Xi Tells Biden Current State of US-China Relations Not in Anyone’s Interest

The Chinese leader warned Taiwan is a 'red line' that must not be crossed

President Biden and Chinese President Xi Jinping on Monday held a long-awaited in-person meeting in Bali, Indonesia, amid simmering tensions between the US and China.

According to the Chinese Foreign Ministry’s readout of the meeting, Xi’s message to Biden was that the current state of US-China relations is in nobody’s interest.

“President Xi pointed out the current state of China-US relations is not in the fundamental interests of the two countries and peoples and is not what the international community expects,” the ministry said.

The readout said that Xi stressed the two powers should work together to put relations back on track and that China does not seek to supplant the US as the world’s leading power.

“The two sides should respect each other, coexist in peace, pursue win-win cooperation, and work together to ensure that China-US relations move forward on the right course without losing direction or speed, still less having a collision,” the readout said.

According to the White House, President Biden told Xi that the US will “continue to compete vigorously” with China, signaling the US doesn’t plan to change course. US officials said before the meeting that the talks will be more about managing tensions rather than resolving issues.

Biden said that the competition should not “veer into conflict and underscored that the United States and China must manage the competition responsibly and maintain open lines of communication.”

Discussing Taiwan, Xi warned Biden that the issue was a red line for Beijing. The Chinese leader “stressed that the Taiwan question is at the very core of China’s core interests, the bedrock of the political foundation of China-US relations, and the first red line that must not be crossed.”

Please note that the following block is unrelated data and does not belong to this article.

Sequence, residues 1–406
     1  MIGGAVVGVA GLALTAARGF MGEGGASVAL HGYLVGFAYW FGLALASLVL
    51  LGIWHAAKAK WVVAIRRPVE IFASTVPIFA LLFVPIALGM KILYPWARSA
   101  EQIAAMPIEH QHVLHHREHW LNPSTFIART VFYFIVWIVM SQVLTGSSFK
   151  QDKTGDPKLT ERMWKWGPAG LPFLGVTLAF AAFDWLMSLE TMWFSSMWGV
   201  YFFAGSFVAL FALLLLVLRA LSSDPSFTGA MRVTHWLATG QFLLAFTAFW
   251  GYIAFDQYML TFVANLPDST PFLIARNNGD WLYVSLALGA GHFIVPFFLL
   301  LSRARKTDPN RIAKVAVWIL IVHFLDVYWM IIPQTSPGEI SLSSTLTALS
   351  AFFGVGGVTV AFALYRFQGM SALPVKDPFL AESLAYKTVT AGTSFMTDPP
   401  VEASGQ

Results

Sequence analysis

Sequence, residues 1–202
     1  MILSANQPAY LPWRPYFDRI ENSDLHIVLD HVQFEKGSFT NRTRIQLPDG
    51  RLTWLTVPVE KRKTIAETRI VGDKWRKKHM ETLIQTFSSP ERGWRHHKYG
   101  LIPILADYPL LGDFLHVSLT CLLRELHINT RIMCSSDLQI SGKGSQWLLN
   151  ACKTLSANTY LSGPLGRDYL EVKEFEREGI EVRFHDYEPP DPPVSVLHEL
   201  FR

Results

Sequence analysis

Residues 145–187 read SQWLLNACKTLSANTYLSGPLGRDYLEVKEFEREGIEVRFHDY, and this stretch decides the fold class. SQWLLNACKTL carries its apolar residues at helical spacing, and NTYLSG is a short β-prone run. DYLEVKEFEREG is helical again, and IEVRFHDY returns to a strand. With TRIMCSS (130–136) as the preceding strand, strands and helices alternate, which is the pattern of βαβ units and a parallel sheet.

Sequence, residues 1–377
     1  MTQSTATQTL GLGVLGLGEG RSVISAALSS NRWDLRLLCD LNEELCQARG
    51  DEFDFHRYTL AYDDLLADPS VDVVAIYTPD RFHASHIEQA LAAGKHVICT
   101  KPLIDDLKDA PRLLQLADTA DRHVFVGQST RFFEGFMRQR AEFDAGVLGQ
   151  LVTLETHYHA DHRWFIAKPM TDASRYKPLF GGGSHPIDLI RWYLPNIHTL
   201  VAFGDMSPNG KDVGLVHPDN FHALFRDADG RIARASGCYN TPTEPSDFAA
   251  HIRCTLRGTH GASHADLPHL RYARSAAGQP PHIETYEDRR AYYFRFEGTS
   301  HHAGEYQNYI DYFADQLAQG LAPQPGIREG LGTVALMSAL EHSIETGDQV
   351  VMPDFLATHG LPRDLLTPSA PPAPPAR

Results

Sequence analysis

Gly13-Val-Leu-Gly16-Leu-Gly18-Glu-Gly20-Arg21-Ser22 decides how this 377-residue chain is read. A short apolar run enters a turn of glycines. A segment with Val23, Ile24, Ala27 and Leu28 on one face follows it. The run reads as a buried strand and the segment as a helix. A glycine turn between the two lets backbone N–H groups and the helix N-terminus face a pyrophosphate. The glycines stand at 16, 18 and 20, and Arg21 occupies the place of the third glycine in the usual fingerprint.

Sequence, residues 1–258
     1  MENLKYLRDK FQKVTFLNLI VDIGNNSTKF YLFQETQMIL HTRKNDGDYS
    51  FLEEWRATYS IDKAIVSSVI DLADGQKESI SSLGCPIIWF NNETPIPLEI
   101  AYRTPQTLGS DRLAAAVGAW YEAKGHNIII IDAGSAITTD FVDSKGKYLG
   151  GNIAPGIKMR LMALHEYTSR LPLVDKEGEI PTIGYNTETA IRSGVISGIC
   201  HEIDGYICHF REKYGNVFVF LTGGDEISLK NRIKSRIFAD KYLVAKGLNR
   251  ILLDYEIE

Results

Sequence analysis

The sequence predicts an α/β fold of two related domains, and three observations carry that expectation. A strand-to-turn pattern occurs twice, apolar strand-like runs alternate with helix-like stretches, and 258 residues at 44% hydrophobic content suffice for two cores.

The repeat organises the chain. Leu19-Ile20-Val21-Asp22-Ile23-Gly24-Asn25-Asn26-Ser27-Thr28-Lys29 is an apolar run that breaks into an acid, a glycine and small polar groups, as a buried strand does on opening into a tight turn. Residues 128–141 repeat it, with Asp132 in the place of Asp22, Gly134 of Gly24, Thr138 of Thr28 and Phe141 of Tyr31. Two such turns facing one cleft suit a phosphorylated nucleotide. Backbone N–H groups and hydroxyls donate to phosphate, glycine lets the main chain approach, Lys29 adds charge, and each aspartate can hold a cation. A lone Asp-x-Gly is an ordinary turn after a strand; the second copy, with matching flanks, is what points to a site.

In recent years, the US has worked to increase ties with Taiwan and the Biden-Xi meeting comes as Congress is working on legislation that would give the island unprecedented support in the form of billions in military aid. Biden has also said that he would intervene militarily in the event of a Chinese attack on Taiwan, seemingly breaking from the decades-long policy of strategic ambiguity on the issue.

Despite these steps, Biden claimed to Xi that the US was still committed to the one-China policy. The White House said that Biden “laid out in detail that our one China policy has not changed, the United States opposes any unilateral changes to the status quo by either side.”

The White House said that Biden raised objections to China’s “coercive and increasingly aggressive actions toward Taiwan.” Beijing recently launched its largest-ever military drills around Taiwan, which included firing missiles over the island. But they came in response to House Speaker Nancy Pelosi (D-CA) visiting Taiwan. China made clear ahead of her trip that they would view it as a major provocation and respond, but she still went ahead with the visit.

While tensions between the US and China show no sign of waning in the near future, both sides agreed to maintain high-level communications. After the meeting, the White House said that Secretary of State Antony Blinken will soon make his first trip to China.

The two leaders discussed other global issues, including the war in Ukraine and the tensions on the Korean peninsula. Xi told Biden that China supports the idea of peace talks between Russia and Ukraine and hopes that the US and its Western allies will also conduct a dialogue with Moscow.

Author: Dave DeCamp

Dave DeCamp is the news editor of Antiwar.com, follow him on Twitter @decampdave.